114 Succumb to Alcohol Poisoning in Assam, India
Last week, an estimated 114 people succumbed to alcohol poisoning in the Golaghat and Jorhat districts in India’s Northeastern state of Assam. The majority of the individuals poisoned were tea estate workers in the two districts. The poisoning was reportedly caused by the consumption of illegally produced and procured country liquor named Hooch.
The incident in Assam is the second mass poisoning tragedy to hit India this month. It follows the Hooch poisoning disaster in the Indian states of Uttar Pradesh and Uttarakhand which claimed 80 lives in the week of Feb. 11.
The state police found that batches of illicit Hooch, consumed in Golaghat and Jorhat districts, were laced with methyl alcohol in attempts to boost the liquor’s potency. Also known as wood alcohol or methanol, methyl alcohol is predominantly used as antifreeze, industrial solvent, and fuel. The chemical is widely available in India for prices as low as Rs. 22 (31 cents) per liter (33.81 oz). Highly toxic for humans, consumption of 10 ml (0.34 oz) of methanol can cause blindness and intake of over 30 ml (1.01 oz) can be fatal.
The first incidents of poisoning were reported on Thursday, Feb. 21. Four female tea estate workers were admitted to the Halmira Tea Estate Hospital in Golaghat. Following them, over 150 people were hospitalized in Assam’s two districts. The individuals poisoned complained of severe abdominal pain, blurry vision, and acute headaches.
To investigate the mass poisoning, Chief Minister of Assam, Sabananda Sonowal, has set up a one-person inquiry commission. Furthermore, after meeting the patients in Jorhat Medical College Hospital, Chief Minister Sonawal announced a state-funded ex-gratia payment of Rs. 2 lakhs ($2816) to the families of the deceased and Rs 50,000 ($704) to all patients hospitalized in connection to the mass poisoning tragedy.
The additional director general of police, law, and order, Mukesh Agarwal, stated that the police has detained 10 individuals in connection to the mass poisoning, and are currently interrogating several others involved in the tainted liquor’s supply chain. During the ongoing investigation, the police discovered that five distributors of the illicit liquor also died in the incident.
The market for illicit liquor in India is vast today. In fact, a senior social scientist at All India Institute of Medical Sciences (AIIMS), H.K. Sharma, claimed “We can safely state that 25 to 35 percent of the total liquor production in India is being done under these moonshine industries,”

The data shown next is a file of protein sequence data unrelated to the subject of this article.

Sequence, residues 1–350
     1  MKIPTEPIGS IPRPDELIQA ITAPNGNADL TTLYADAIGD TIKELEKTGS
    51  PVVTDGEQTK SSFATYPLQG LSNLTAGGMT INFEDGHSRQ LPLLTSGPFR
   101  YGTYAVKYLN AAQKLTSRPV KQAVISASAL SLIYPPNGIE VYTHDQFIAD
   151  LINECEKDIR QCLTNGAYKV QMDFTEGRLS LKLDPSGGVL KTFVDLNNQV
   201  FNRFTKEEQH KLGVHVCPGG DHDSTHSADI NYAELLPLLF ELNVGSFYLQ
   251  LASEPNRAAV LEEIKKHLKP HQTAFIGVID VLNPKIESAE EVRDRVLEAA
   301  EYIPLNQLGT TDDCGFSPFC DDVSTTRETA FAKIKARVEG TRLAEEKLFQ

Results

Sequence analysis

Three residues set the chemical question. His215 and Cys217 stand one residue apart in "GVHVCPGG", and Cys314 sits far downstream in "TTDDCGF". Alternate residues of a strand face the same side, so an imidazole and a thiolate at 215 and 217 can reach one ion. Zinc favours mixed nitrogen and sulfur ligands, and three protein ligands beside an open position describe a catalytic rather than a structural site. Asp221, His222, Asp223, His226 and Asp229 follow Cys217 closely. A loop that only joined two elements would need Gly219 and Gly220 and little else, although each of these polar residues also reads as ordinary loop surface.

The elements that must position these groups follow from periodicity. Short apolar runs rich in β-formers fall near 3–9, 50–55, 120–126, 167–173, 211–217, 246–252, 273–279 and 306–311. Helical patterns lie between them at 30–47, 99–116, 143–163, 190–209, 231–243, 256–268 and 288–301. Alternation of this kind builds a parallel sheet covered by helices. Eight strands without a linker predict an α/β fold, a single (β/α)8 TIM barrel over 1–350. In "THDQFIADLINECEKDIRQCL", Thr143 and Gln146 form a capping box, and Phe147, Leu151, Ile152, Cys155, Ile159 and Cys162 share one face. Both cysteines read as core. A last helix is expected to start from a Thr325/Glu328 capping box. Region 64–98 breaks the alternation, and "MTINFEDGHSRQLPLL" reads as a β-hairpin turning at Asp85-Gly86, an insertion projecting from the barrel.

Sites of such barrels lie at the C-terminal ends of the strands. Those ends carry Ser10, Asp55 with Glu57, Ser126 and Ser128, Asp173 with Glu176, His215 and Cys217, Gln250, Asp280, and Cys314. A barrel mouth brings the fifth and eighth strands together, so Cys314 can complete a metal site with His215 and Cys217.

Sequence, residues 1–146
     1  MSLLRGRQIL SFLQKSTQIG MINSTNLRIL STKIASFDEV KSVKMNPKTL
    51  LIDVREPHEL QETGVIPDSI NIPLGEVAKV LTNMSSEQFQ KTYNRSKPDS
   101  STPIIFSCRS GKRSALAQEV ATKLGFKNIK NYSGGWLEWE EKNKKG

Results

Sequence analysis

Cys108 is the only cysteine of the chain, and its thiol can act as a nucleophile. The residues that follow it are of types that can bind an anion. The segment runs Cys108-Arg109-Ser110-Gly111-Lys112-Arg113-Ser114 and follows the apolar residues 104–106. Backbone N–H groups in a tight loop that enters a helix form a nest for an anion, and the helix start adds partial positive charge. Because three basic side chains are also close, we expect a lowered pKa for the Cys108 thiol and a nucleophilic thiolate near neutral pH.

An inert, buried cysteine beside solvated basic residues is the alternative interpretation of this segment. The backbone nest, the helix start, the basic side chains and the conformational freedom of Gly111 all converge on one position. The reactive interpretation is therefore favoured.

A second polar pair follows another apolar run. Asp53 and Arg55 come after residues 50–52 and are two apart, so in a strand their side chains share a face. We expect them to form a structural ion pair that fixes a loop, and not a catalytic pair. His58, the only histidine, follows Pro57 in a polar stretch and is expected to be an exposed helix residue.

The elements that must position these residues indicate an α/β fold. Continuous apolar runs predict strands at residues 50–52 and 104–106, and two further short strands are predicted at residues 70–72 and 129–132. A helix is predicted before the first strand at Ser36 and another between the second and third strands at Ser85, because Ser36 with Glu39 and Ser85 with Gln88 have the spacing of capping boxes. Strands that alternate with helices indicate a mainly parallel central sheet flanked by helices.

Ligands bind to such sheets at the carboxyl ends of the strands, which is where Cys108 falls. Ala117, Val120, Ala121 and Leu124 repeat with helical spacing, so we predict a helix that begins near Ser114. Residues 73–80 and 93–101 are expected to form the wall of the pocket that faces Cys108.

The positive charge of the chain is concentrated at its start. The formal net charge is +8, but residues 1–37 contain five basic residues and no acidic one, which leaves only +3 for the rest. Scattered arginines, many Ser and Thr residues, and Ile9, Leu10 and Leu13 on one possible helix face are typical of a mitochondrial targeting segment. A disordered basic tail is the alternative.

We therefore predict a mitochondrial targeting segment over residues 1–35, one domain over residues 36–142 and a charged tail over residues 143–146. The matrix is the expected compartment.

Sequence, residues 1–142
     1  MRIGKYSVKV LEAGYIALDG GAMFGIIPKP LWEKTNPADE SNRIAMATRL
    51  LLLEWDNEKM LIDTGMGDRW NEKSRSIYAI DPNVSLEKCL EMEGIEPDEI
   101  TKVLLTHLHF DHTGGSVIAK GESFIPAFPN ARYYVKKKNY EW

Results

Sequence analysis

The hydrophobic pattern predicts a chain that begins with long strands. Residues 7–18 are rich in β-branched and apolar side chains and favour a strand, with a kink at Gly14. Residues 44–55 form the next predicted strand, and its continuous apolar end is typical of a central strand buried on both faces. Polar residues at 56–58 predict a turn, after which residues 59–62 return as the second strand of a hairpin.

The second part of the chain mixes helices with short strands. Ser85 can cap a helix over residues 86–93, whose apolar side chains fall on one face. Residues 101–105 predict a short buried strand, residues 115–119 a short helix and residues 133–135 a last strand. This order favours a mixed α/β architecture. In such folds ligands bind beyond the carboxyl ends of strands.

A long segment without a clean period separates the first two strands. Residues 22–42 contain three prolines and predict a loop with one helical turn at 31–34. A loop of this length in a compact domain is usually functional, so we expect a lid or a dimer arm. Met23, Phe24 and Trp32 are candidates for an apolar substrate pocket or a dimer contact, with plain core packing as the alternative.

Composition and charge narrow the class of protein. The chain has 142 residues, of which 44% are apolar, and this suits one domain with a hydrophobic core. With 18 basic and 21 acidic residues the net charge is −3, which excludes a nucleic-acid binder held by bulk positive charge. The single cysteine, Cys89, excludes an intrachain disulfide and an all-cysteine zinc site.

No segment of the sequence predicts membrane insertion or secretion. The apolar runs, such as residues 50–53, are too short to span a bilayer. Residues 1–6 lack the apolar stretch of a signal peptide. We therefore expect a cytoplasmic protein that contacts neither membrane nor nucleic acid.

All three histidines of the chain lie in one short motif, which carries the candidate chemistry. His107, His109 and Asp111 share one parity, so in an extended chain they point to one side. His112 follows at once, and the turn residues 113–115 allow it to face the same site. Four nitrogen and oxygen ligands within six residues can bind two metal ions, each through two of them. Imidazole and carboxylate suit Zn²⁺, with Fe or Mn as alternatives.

Illegal alcohol is usually brewed in the rural parts of India and is later smuggled into cities where it is reportedly sold for about 10 cents a glass. The individuals from lower income groups prefer to buy the country liquor since they cannot afford the legally sold alcohol, which is almost 3 times the price and is taxed heavily with government excise duty.
All major cases of mass alcohol poisoning in India from 1978, in Dhanbad, to Assam 2019 seem to follow a standard pattern. The affected demographic is usually the low-income communities of fishermen, day laborers, inhabitants of slums, tea planters or rickshaw pullers.
However, a realistic solution to end these incidents of mass alcohol poisoning has yet to be found. One way might be to reduce the excise duty charged on legally distributed alcohol to make it more affordable overall. On the other hand, such a move would decrease government tax revenue collected and, more importantly, may promote an overall increase in alcohol consumption in the country.
Some maintain that the lack of national alcohol policy is responsible for the Hooch poisoning disasters in India. “Minimum liability on authorities serving alcohol” and the shortfall of a “strong bottom-up law in the center” drives “a deadly market of poison at work.”
Another potential solution to mass alcohol poisoning has been an overall prohibition on alcohol sales by the state governments. However, its effectiveness is questioned by “parallel production and sale of illicit and cheap liquor” in India. A recent piece by the Economic and Political Weekly suggests that “To expect that alcohol should not be imbibed is an unrealistic expectation and wisdom lies in ensuring that quality control and regulations are implemented.”